WALT DISNEY Co.’s break with Netflix, Inc. increases pressure on the streaming service to produce more of its own programs and shore up its movie catalog as other media companies withhold their most valuable TV shows and films.
Disney is the largest supplier yet to withdraw programming from Netflix, which has morphed from friend of Hollywood to rival in the past few years. Scripps Networks Interactive, Inc. opted not to renew deals giving its shows to Netflix, while executives at 21st Century Fox, Inc. and Time Warner, Inc. have said they’ll reduce sales to the streaming service.
“Monolithic, global exclusive deals with Netflix are troublesome,” Fox co-chairman Lachlan Murdoch said last Wednesday on a call with analysts. “And we think that there’s a broader marketplace for us to license into.”
For all of Netflix’s success with original series such as House of Cards and Stranger Things, the vast majority of the $6 billion it spends on programming this year will be to buy TV shows and movies made and owned by other companies – often competing media giants. But an ever greater portion has been earmarked for exclusive series, and more recently, feature films.
“Losing Disney movie output doesn’t necessarily have any visible impact on subscriber growth, as long as the entirety of the service is a good value proposition to consumers,” Todd Juenger, an analyst with Bernstein Research, wrote in a note last Wednesday.
Disney said last week it won’t renew a movie deal with the Los Gatos, California-based company as part of a plan to start its own online services. The most immediate effect will be a blow to the Netflix movie selection in the US. Starting in 2019, the company will lose Disney features including the hits Beauty & the Beast and Finding Dory. Netflix may also lose Marvel and Star Wars films.
Adding new Disney movies was a milestone for Netflix when the companies announced their agreement in December 2012. The streaming company had primarily offered customers older movies and was just getting started in the production of its own series and feature films.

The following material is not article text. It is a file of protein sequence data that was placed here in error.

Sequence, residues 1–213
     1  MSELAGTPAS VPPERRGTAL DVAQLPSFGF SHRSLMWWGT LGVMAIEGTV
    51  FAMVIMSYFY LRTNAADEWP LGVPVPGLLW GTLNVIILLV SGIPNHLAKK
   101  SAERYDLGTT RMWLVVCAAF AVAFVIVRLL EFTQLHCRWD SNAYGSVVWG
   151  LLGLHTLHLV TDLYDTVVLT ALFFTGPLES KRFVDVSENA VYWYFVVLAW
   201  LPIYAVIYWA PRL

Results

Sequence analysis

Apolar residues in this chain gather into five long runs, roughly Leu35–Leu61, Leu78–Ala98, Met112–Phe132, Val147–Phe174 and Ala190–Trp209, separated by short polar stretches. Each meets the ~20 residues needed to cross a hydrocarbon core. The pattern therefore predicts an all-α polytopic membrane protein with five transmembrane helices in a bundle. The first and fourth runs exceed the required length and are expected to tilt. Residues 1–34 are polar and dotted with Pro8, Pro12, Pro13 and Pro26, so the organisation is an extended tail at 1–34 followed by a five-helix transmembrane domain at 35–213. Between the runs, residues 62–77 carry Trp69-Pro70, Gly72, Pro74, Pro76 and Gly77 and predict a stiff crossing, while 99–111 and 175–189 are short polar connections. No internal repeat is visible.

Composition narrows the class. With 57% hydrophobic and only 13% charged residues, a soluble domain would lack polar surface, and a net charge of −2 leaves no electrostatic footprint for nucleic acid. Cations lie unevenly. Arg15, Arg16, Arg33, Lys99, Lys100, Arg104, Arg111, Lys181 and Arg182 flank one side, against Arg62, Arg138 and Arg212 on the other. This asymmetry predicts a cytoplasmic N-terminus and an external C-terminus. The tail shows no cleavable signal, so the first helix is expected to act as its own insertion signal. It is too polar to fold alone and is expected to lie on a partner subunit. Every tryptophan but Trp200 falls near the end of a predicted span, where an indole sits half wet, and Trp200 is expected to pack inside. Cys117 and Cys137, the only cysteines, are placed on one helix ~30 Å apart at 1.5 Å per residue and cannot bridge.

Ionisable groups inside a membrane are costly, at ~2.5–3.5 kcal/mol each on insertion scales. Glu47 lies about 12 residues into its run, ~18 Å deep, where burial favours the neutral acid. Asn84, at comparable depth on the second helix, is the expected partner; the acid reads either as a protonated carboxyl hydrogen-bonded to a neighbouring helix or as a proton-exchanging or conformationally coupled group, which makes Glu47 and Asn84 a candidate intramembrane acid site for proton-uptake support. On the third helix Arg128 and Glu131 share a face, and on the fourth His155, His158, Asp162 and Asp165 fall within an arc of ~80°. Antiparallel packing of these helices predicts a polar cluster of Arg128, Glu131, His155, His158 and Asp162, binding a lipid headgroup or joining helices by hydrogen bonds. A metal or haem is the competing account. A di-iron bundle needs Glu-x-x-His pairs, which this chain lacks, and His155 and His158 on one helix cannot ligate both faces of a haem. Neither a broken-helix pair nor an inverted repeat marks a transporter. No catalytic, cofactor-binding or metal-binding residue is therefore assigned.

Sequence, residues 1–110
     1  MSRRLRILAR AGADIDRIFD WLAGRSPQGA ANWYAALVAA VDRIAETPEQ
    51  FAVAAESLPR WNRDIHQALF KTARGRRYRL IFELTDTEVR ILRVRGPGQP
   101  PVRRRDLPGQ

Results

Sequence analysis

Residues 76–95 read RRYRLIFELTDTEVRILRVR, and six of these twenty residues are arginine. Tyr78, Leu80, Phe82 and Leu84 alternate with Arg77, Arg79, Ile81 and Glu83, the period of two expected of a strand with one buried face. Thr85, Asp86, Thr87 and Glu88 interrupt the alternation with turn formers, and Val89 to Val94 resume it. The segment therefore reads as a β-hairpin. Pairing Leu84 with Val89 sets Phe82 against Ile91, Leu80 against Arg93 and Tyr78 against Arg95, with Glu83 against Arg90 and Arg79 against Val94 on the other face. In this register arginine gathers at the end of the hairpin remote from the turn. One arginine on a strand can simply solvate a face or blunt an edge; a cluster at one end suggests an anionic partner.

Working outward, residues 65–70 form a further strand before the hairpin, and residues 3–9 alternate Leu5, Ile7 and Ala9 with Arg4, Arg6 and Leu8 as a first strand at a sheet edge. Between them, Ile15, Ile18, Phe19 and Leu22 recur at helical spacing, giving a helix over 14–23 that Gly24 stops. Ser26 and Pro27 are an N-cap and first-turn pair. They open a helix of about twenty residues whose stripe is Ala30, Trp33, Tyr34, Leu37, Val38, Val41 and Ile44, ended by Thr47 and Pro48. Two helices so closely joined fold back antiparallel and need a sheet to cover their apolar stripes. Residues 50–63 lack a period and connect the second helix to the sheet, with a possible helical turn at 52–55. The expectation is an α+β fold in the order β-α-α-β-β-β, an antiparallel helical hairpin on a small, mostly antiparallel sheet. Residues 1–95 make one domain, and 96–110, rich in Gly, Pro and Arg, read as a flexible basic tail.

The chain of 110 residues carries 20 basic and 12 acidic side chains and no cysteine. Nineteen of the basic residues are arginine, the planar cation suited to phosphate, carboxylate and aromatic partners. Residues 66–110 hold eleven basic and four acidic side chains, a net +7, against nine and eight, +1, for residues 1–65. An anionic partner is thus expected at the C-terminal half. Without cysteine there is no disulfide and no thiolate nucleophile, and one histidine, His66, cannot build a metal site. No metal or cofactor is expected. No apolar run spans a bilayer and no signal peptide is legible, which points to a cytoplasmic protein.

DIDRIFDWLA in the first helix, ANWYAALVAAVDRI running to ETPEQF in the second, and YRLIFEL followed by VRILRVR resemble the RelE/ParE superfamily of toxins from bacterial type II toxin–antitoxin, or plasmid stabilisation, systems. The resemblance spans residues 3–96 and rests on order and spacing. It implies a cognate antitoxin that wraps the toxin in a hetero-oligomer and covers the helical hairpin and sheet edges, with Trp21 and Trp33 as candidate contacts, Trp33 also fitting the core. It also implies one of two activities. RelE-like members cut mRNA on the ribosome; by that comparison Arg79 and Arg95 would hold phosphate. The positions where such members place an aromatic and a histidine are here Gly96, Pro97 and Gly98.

Now Netflix is producing more than 1,000 hours of original programming a year and signs up most of its new customers outside the US, where it doesn’t even offer Disney movies.
Yet films still account for about 30% of Netflix viewing and help prevent existing customers from dropping the service. Disney provided Netflix with some of the most popular movies in the world at the same time its overall film catalog was shrinking. Disney features such as Rogue One: A Star Wars often appear front and center for users when they first open up the app, alongside Netflix originals.
“Disney and Pixar movies are fantastic collections of entertainment content,” Juenger said in his note. “The Netflix service, or any service, is better off having them (at the right price).”
Media giants Disney, Viacom, Inc., and Fox first began licensing TV shows and movies to Netflix as a way to replace shrinking DVD sales. Selling reruns to Netflix, they reasoned, could also bring viewers back to their TV networks.
Instead, they helped create a competitor that now threatens their primary business, pay-TV. Netflix has attracted more than 100 million global subscribers by offering a vast catalog of TV shows and movies on demand, and undermined consumer interest in live TV.
Media companies have responded by keeping more of the TV shows they produce in-house, and creating their own services to compete with Netflix. CBS Corp. created All Access, an online version of the most-watched US broadcast network, while Time Warner created an online version of premium cable network HBO. Hulu is owned by Disney, Comcast Corp., Fox and Time Warner.
None of those services have slowed Netflix. By spending billions of dollars on original programming, Netflix has prepared for the possibility that Hollywood studios would reconsider their strategy. Last week, the company announced plans for a series starring David Letterman, the popular late-night talk-show host. It also acquired Millarworld to make TV shows and movies based on that company’s graphic novels.
Netflix is still feeling its way around the original film business. In March the company hired producer Scott Stuber to oversee that division.
And for all media companies’ talk about moving away from Netflix, most of them are still deep in business with the invader from the north. Disney’s Marvel Studios produced the serial dramas Daredevil, Jessica Jones, and Luke Cage for Netflix, and will continue to do so for years to come.
“It would be very out of character for Disney to significantly reduce its commercial (and strategic) relationship with a party like Netflix, who Disney believes will continue to be a very important brand/service in the future of home video entertainment,” Juenger wrote. – Bloomberg